Our uncertain times seem to favor economical performers, and music that offers escapism more through soothing, fictitious words than hedonistic bombast and volume. A good example of the current spate of indie bedroom-pop outfits opting for spare backing tracks and minimalist touring lineups is Vandaveer, a Washington, D.C.-based group built around singer-songwriter Mark Charles Heidinger.
Heidinger, who also serves as bassist for These United States, among others, is joined on recordings by a stable of musicians and sister Rose Guerin, who provides lovely vocal harmonies on his strong, melodic compositions. The result lies somewhere between the intimacy of KaiserCartel or The Low Anthem and the indie-eyed soul of Ray LaMontagne and his ilk.
Divide & Conquer, Vandaveer's latest, was released in France in April, and came out this month on small Providence, R.I., label Supply & Demand. Following the hushed atmospheric title track, Vandaveer slides into the creepy "Fistful of Swoon," where Heidinger's voice gradually builds from a conspiratorial near-whisper to a Bonnie Prince Billy bleat, as the music swells to a gothic crescendo.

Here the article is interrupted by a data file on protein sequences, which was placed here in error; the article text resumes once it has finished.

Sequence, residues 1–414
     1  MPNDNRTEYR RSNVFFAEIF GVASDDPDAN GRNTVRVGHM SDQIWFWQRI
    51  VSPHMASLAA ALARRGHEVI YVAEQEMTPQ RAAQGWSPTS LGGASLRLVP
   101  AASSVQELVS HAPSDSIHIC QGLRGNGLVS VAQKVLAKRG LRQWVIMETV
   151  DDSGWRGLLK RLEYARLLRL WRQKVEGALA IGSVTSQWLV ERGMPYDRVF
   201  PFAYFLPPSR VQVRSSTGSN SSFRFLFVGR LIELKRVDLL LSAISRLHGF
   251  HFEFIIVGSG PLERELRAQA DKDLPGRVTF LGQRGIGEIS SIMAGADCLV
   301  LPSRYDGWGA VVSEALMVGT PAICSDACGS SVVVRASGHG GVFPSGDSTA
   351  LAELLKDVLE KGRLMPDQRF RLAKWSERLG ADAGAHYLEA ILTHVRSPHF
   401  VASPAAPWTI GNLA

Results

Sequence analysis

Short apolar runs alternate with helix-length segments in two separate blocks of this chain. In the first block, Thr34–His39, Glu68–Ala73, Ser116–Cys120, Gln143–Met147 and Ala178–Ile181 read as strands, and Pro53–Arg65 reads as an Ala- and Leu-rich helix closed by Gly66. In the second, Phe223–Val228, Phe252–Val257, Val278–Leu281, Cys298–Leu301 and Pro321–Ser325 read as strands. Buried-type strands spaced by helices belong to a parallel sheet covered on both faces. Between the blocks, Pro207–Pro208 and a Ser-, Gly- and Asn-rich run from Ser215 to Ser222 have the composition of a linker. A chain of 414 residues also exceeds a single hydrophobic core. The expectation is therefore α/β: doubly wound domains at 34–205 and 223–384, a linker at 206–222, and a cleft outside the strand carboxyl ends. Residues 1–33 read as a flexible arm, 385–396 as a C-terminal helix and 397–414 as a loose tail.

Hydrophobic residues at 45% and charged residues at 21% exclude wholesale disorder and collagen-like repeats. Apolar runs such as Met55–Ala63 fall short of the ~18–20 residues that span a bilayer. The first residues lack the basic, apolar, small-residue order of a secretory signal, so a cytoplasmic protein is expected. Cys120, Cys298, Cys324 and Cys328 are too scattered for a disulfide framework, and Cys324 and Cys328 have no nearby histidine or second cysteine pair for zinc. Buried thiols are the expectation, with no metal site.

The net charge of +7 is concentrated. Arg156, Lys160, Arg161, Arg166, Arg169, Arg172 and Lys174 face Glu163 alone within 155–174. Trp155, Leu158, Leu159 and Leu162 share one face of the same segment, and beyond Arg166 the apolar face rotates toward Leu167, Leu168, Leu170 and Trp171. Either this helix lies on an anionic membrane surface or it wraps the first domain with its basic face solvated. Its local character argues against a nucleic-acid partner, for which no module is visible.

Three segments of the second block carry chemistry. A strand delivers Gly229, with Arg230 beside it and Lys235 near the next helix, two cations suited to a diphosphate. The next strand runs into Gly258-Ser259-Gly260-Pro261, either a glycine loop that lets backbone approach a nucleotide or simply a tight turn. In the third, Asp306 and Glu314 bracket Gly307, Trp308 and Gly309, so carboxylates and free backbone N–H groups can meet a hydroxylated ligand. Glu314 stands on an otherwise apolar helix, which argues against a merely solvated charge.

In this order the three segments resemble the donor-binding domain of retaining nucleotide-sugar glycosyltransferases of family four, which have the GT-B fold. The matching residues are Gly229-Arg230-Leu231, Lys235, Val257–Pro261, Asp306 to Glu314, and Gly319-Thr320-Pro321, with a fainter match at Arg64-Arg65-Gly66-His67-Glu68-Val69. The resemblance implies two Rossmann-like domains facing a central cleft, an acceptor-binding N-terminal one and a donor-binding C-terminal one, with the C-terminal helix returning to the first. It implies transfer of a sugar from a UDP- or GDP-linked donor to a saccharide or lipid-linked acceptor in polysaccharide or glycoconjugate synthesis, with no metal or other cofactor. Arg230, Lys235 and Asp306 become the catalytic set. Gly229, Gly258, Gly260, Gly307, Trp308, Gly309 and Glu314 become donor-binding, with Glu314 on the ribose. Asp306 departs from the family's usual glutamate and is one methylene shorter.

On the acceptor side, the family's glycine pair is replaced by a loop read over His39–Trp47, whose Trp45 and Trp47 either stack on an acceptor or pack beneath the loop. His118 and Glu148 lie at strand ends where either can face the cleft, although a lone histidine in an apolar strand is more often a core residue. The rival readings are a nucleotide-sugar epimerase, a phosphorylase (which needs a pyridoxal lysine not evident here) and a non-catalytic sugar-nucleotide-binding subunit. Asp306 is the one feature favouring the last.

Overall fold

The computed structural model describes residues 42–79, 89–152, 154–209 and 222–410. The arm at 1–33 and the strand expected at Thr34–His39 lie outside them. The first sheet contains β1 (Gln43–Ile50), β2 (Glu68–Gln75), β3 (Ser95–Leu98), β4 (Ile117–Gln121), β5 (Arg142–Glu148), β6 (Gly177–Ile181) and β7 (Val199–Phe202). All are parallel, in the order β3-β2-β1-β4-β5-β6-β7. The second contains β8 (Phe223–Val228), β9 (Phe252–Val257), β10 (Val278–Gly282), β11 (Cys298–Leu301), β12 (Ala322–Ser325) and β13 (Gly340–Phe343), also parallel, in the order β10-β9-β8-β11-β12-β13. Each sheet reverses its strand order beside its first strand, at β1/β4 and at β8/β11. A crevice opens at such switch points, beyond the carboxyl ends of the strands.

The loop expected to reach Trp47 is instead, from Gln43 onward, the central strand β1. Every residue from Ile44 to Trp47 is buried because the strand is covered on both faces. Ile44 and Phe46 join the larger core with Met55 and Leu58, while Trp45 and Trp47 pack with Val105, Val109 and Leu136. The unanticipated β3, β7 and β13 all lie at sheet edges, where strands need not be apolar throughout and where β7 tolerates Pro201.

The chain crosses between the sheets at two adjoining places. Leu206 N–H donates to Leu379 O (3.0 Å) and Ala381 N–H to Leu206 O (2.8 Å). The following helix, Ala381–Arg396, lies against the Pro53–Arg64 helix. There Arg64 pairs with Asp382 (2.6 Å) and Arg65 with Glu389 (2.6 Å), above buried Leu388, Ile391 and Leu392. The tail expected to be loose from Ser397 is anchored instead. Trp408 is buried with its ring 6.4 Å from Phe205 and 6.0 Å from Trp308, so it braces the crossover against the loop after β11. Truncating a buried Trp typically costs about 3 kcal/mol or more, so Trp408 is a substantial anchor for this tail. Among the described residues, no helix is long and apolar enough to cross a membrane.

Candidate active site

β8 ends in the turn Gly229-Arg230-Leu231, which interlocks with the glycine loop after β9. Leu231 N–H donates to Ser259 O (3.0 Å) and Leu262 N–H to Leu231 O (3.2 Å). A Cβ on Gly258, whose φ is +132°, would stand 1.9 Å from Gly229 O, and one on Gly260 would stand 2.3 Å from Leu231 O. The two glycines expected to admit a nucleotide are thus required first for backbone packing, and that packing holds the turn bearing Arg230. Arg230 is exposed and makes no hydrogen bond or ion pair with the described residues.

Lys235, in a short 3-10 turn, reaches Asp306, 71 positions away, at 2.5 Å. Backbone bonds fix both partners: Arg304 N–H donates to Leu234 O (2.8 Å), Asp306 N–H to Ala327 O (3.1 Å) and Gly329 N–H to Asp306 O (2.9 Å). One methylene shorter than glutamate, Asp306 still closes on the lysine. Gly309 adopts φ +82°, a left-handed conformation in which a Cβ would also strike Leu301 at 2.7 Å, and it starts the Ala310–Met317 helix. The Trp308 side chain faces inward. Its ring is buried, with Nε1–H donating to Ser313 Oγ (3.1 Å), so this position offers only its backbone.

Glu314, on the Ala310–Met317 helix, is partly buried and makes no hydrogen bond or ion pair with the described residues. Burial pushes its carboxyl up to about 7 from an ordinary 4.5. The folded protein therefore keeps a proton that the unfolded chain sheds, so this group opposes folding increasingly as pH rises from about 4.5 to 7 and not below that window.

The album also hints at pastoral country-rock ("Resurrection Mary"), waltzing Americana ("Woolgathering") and tight 1-2-3-4 pop ("Before the Great War"). This last song, an ode to the pains and pleasures of self-reinvention, seems an apt topic for a songwriter who clearly favors experimenting with personas, characters and genre, and who maneuvers between them with grace and confidence.
And finally, it's hard not to like a songwriter who titles a song "Beverly Cleary's 115th Dream," and sings it to that heroine of young-adult fiction, Ramona.
Vandaveer with Paul Luc and Emily Rodgers. 8 p.m. Tue., Sept. 1 (doors at 7 p.m.). Club Café, 56-58 S. 12th St., South Side. $7. 412-431-4950 or www.clubcafelive.com
- A fistful of swoon: Vandaveer